**Now that I think of it, I am not addressing the issue that the substrate will also "fade" out of the area. To compensate for this, I will divide the limit by two (so that I am integrating from x=0 to the point where the substate is in the middle of the target area). Then I will just multiply the "exposed area" by two to get the whole thing. (OK image is now changed)**

    Now after integrating, I assign constants and graph it. Then I told myself, well this "exposed area" doesn't mean a whole lot without knowing how many times your going to do that per unit time. Then I assigned another constant which is the distance between cycles. The time it takes for another cycle to come around is going to be the velocity divided by that length. Obviously that is going to be a linear graph with increasing frequency with increasing velocity.

    I then graphed them on the same graph and they hit about 22, and I was using inches and seconds for my constants, so 22 in/s. Converting to angular gives about 1/2 rev/s based on a ~7" radius.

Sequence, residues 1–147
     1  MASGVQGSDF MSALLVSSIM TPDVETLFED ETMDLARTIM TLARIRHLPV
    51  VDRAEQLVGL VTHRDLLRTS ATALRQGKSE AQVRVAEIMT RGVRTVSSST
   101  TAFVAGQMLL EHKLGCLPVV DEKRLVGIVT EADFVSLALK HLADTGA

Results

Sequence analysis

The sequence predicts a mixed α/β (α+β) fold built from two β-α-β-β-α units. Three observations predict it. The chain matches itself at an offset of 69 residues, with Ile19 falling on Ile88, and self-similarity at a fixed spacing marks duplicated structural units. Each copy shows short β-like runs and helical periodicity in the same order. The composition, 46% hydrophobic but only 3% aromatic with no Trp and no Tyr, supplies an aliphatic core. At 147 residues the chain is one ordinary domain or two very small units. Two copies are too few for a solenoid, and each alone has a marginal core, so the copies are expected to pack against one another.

Can anyone tell me if my analysis is correct of where I need to reevaluate things. Thanks for the help so far.

    edit: Realizing that where they meet doesn't mean jack, I changed things up. Realizing that the units on my "exposed area" are in²s (which makes sense), I decided to multiply by frequency (Hz, 1/s) to give me in², which will be the total area deposited on per unit time. Multiplying these two together gives me a straight line which corresponds to my initial gut reaction that RPM shouldn't matter. If anyone can confirm or find a mistake in my calculations, I'd really be greatful, thanks again.